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Tuesday, December 24, 2019 - 14:24

Below are a few short extracts on the history of the Cullinan School taken from John Lincoln's book 'Stories from a Diamond Mine'. The article forms part of a larger series on the history of Cullinan (click here to view).

The Cullinan School was opened by Mr RS Carruthers in a tent. They later moved into a tent that was also the first church in the village named the Presbyterian Church.


Presbytarian Church used by the Cullinan School


In October of the same year Mr AE Underwood arrived and took charge of the school. There were 52 pupils on the books at that time. Mr Underwood would remain as headmaster of the school until his sudden death in 1914.


Albert Edward Underwood


Mr Underwood and pupils from Cullinan School in 1905


Mr Underwood and staff at Cullinan School


On the 28th March 1905, the school moved into their new building, the “Recreation Hall”. On the 10th February 1910 lightning struck. The flash was seen by men at the hotel, who at once ran over and did everything to save the school, but the building was very soon gutted. Some of the cupboards were broken open and the contents thrown on the floor, either inside or outside the hall. Very little was saved, for what was not burnt was ruined by water or blown away.

On 23rd February it was back to tent life again. Two tents had been supplied by PWD and the mine lent chairs. Senior school grades occupied No 1 tent, and Std 1 occupied No. 2. “The noise and heat about midday make good work impossible. The red dust makes books very dirty.” There were 260 pupils on the roll.

A contemporary article described the new school as follows:

The foundation stone of the new Government School at Premier Mine was laid on Saturday afternoon by Mrs TM Cullinan, wife of the district M.L.A. The new building, which replaces the old school that was struck by lightning and gutted in the early part of the year, has a frontage of 187 feet and is 112 feet wide. It contains 10 classrooms, exclusive of teachers' rooms, storerooms, and other conveniences. There are two entrance halls, one for boys and the other for girls; also a central hall, measuring 55 feet by 31 feet inside, the grand entrance to which is faced with stone and relieved with massive pillars. The school is of the newest type, providing accommodation for 400 pupils. The dome is 48 feet from the ground, and fitly crowns the magnificent edifice, whose foundations are of local stone, above the plinth of which rise the red-brick walls. The lavatories and cloakrooms are paved with granolithic, the water supply being taken from the Wilge River, 26 miles away. The class-rooms are to be provided with electric light and equipped with the latest appliances. The school grounds, covering an area of 900 by 400 feet, fenced and gated, have been generously handed over to the Minister of Lands by the Premier (Transvaal) Diamond Company. The site is one of the most prominent on the mine, and is admirably suited for educational requirements. The frontage faces Pretoria on the west and to the north the Bushveld. As the pupils are at present housed in tents, the completion of the new school will be as welcome a change to the teachers as to the children. It is expected that the new buildings will be completed and ready for occupation within six months. The architect is Mr. P Eagle, and the contractors Messrs. Prentice and Mackie.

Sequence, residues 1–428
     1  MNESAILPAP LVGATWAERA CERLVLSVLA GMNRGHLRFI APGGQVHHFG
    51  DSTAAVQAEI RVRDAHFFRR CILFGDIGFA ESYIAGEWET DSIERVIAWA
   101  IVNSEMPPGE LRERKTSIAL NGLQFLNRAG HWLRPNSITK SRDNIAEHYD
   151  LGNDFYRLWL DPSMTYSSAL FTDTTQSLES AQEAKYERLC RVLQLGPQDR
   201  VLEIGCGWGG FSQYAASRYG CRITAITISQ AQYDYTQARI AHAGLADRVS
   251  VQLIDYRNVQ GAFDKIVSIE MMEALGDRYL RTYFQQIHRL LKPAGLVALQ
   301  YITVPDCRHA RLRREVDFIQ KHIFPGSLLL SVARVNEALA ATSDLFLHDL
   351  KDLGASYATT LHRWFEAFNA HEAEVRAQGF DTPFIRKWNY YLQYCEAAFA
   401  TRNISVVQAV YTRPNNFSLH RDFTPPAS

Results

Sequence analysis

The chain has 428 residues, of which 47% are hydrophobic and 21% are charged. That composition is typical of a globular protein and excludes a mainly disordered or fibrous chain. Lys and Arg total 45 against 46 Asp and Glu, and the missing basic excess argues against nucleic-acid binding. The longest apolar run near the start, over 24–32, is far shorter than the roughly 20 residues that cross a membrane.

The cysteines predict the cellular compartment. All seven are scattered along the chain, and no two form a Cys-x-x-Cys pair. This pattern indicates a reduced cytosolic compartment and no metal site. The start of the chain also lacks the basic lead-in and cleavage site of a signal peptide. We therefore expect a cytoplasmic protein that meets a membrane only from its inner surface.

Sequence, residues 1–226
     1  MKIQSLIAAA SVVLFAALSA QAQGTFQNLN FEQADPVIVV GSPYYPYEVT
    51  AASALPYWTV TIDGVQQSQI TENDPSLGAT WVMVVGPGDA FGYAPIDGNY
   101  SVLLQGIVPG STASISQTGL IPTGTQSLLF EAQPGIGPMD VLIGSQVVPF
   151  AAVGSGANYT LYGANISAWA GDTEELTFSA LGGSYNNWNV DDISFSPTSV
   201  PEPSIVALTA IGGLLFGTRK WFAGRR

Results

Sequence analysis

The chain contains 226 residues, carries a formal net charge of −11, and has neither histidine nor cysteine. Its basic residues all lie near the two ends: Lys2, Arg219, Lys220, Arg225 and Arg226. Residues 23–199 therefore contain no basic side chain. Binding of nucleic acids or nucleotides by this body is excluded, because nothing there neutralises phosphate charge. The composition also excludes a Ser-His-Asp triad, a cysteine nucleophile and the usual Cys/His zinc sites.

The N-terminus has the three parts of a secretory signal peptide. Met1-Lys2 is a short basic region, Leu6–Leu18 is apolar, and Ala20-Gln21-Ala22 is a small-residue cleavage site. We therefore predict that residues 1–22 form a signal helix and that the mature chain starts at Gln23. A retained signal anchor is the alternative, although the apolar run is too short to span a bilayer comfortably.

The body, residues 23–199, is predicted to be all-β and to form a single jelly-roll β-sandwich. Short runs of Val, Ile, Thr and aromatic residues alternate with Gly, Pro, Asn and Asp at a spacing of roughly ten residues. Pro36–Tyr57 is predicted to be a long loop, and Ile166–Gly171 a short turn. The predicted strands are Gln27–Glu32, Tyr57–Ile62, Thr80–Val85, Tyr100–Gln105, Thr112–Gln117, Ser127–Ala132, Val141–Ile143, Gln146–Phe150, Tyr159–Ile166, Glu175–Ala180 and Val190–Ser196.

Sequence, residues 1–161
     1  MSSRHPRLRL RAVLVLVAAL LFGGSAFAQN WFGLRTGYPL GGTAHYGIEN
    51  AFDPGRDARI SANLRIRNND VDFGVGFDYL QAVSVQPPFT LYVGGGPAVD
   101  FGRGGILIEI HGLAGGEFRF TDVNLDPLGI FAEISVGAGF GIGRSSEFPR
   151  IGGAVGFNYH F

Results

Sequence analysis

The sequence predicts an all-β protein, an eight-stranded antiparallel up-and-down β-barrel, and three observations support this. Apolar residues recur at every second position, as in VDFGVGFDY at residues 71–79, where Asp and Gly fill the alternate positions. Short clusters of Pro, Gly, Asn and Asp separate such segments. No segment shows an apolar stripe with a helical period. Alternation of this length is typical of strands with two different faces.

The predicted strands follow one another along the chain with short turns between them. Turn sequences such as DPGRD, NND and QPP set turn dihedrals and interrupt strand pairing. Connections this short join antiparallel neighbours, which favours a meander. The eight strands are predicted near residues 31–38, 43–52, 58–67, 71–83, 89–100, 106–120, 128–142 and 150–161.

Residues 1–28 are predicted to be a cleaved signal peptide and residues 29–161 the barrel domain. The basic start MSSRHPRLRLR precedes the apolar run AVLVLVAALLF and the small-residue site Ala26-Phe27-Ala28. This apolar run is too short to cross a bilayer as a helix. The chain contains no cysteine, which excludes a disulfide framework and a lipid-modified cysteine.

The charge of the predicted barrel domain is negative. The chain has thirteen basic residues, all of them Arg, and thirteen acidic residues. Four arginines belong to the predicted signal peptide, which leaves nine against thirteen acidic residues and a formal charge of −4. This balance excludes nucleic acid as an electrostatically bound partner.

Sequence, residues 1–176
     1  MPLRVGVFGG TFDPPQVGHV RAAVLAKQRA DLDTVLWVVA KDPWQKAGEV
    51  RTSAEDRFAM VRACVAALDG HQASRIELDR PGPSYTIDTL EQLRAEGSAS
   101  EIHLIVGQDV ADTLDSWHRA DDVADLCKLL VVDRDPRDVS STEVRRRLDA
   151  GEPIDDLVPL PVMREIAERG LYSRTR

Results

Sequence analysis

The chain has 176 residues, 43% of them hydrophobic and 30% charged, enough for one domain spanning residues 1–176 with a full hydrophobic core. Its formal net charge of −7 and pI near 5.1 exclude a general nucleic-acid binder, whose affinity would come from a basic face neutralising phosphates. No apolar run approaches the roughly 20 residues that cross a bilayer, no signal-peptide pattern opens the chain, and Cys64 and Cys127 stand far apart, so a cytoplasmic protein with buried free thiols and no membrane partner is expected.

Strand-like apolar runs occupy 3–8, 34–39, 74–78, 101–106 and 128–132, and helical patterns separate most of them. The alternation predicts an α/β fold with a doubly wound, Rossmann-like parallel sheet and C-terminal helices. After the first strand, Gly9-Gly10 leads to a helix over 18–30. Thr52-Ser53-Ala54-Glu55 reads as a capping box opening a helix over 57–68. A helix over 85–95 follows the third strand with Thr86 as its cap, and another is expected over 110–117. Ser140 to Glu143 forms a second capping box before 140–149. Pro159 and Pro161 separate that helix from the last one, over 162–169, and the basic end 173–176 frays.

Laying the foundation stone


Opening of the Cullinan School in 1911


Pupils outside Cullinan School in 1911

Helen Elizabeth Martins was born in 1897 in the village of Nieu Bethesda in the Eastern Cape; she was the youngest of the six living children born to her parents Petrus and Hester Martins. Her early schooling was in Nieu Bethesda and later she attended teachers training college in Graaf-Reinet from 1915 until 1918. Helen taught for a short time at Wakkerstroom before she married Johannes Pienarr in 1920. In 1921, probably now estranged from her husband, she started working at the Cullinan Primary School, which shortly afterwards was split into English and Afrikaans units. She was registered in her married name of Mrs H Pienarr. It is unknown on what date she left the Cullinan School. She was divorced from her husband in 1926 and little is known of her life during these years. Due to her mother becoming ill, Helen returned to Nieu Bethesda sometime between 1927 and 1929, when she was about 30 years old. By the time she was 47 years old both her parents had died. Helen had, by now, become somewhat of a recluse and between then and her death in 1976 she started creating what is now known as the “Owl House.” In 1989 the Owl House was declared a provisional national monument.

Below are a few more photos from the school's history:


First entry in the Cullinan School journal 1904


1940 Netball Team


Standard Four class at Cullinan School - unknown year


Cullinan School Rugby Team - unknown year


Fountain built by Italian POWs outside Cullinan School


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